« PREVIOUS ENTRY
The sonnetry of Gears of War: My latest Wired News gaming column
NEXT ENTRY »
The flip-book of your life
People love to joke about how big-city life makes people talk faster, walk faster, and generally stress out. But according to a study in this month’s issue of Current Biology, the urban environment also turbocharges birds. A couple of Dutch scientists recorded the song of the Great Tit — Parus major, pictured above — in both forest settings and city settings, then compared them. The result? As they note in their abstract:
Urban songs were shorter and sung faster than songs in forests, and often concerned atypical song types. Furthermore, we found consistently higher minimum frequencies in ten out of ten city-forest comparisons from London to Prague and from Amsterdam to Paris.
Their paper is behind a paywall, alas, but for free they put online a dozen audio samples of the bird songs — so you can hear the difference for yourself! It’s pretty cool. Go to the bottom of the page and listen in particular to the comparison of the songs recorded in downtown Paris versus the rural area of Fontainebleu; it’s precisely the same call, except pitchshifted higher and faster in Paris.
Evolutionary scientists have theorized for decades that the noisy environment of cities would alter birdcall, but this is some of the most impressive evidence yet assembled. It’s also metaphorically lovely. When I spill my coffee while fumbling to answer a mobile-phone call while racing for the subway next week, I can take comfort: Even the songbirds are racing to keep up.
(Thanks to Eurekalert for this one!)
I'm Clive Thompson, a writer on science, technology, and culture. This blog collects bits of offbeat research I'm running into, and musings thereon.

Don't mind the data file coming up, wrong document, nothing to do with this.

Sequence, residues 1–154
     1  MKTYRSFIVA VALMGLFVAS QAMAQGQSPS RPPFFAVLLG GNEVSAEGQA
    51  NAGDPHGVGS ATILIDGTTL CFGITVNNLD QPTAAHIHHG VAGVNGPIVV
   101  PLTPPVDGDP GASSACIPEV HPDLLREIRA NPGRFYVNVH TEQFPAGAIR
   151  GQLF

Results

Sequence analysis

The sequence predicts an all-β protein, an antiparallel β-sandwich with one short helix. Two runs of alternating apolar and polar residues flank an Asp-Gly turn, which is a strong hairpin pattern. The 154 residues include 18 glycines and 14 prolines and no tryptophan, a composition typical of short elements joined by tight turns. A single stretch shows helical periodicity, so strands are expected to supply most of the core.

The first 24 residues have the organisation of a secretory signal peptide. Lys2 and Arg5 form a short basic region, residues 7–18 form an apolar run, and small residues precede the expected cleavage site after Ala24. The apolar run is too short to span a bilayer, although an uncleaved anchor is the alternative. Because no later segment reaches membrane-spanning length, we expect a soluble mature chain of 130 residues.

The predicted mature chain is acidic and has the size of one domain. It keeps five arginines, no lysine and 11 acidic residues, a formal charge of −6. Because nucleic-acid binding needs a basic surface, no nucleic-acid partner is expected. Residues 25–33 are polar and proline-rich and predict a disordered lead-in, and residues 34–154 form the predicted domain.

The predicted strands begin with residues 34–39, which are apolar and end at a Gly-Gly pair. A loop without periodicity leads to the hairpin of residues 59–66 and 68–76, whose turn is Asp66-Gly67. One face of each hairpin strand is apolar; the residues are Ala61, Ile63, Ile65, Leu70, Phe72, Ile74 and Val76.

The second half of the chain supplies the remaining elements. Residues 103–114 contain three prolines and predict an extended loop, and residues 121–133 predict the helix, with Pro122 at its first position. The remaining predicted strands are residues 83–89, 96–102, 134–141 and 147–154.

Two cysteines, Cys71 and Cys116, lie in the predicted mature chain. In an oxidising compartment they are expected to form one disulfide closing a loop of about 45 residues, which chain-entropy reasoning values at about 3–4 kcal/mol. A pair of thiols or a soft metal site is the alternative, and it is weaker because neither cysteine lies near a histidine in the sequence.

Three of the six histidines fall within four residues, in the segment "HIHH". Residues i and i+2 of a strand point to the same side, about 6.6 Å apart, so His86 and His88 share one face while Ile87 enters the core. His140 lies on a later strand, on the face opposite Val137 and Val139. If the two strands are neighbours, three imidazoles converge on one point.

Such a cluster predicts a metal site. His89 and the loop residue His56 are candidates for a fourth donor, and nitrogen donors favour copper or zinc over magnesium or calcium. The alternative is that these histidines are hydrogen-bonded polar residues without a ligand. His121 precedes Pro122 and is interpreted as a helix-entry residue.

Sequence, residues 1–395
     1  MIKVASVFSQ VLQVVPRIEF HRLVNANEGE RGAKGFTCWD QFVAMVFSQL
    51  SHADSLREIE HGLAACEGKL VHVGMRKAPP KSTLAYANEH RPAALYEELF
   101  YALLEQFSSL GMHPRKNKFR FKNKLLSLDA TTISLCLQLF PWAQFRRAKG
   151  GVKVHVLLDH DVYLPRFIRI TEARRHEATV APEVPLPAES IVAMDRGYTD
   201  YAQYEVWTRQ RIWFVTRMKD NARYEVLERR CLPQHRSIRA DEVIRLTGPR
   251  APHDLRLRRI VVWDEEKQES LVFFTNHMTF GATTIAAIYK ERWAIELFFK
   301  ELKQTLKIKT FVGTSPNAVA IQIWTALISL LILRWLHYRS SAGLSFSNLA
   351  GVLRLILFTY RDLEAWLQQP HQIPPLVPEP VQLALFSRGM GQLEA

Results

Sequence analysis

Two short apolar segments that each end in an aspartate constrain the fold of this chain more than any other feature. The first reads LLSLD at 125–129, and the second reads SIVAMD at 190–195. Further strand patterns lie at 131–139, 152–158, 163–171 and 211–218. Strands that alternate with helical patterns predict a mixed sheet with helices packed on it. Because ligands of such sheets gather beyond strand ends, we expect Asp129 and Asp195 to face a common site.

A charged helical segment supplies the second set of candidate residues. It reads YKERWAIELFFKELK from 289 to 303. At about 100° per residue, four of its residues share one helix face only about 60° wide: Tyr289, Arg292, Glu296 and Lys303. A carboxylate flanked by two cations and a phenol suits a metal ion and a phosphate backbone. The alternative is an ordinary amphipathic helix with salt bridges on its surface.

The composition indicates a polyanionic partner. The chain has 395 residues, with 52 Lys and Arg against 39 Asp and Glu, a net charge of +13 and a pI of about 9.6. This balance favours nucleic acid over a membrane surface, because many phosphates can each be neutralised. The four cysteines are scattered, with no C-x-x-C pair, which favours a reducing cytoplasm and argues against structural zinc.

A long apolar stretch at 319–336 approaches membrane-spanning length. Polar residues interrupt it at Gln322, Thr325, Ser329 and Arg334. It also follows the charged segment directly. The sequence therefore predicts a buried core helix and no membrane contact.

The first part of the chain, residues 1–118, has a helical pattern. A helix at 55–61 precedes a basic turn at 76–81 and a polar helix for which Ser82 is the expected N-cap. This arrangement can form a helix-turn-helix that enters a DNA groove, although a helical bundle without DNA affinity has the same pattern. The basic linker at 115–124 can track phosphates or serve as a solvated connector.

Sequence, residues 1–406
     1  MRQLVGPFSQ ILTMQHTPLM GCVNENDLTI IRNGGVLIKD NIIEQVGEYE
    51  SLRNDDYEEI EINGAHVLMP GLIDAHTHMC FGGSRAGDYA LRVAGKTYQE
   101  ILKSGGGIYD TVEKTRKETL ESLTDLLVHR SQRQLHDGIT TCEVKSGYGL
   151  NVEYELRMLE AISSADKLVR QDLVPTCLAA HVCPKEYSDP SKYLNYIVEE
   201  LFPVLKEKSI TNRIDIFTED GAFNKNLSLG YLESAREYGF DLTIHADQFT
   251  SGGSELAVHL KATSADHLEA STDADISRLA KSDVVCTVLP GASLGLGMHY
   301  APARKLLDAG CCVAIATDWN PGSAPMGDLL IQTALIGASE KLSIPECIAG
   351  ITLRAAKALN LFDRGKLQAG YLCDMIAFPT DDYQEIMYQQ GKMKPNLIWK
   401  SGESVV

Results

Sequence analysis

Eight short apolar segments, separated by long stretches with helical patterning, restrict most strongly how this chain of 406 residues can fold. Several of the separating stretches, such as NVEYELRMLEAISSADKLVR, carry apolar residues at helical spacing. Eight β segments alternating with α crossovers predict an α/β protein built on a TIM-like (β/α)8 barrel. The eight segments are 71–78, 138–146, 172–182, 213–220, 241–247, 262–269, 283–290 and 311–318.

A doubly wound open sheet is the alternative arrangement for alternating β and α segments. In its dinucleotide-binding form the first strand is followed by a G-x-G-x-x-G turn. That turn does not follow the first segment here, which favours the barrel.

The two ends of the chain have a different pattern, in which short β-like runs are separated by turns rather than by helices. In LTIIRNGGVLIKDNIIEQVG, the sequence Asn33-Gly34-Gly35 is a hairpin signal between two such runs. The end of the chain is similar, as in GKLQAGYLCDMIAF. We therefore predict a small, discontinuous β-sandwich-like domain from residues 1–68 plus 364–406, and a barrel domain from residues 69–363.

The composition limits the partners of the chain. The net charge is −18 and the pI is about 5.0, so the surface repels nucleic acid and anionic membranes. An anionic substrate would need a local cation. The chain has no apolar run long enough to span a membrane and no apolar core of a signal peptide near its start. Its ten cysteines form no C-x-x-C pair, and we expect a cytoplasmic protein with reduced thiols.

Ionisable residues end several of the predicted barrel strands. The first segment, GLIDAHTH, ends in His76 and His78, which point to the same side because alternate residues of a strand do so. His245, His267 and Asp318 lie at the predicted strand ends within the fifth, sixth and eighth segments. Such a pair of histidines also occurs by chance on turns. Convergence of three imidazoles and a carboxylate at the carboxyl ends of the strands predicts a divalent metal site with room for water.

Currently, I'm a contributing writer for the New York Times Magazine and a columnist for Wired magazine. I also write for Fast Company and Wired magazine's web site, among other places. Email or AOL IM me (pomeranian99) to say hi or send in something strange!
May 20, 2011 » 02:28 PM
From Christopher Kennedy’s very droll book “Neitzsche’s Horse”.
July 28, 2010 » 07:35 AM
“Wr” - S
July 06, 2010 » 10:05 AM
My Xbox broke, and I was trying to Google some possible technical solutions, when I noticed that Google appears to be encouraging me to make a typo. I suppose it’s possible that Google’s algorithms know that typing “wont” instead of “won’t” would produce better results.
June 29, 2010 » 05:00 PM
On the other hand, when I tried the test for multitasking, I was pretty abysmal. I performed worse than people who identify themselves as heavy multitaskers, and those who identify as low multitaskers.
June 29, 2010 » 04:58 PM
I finally got around to trying out the interactive “test your distractability and multitasking” page at the New York Times, which they put up alongside their story earlier this month about how computer distractions are eroding our lives.
According to the test, I guess I have good focus — I’m not very distractable!
El Rey Del Art
Frankly, I'd Rather Not
The Shifted Librarian
Howard Sherman's Nuggets
Donut Rock City
The Antic Muse
Techdirt Wireless News
Corante Gaming blog
Corante Social Software blog
Arts and Letters Daily
Alan Reiter's Wireless Data Weblog
Viral Marketing Blog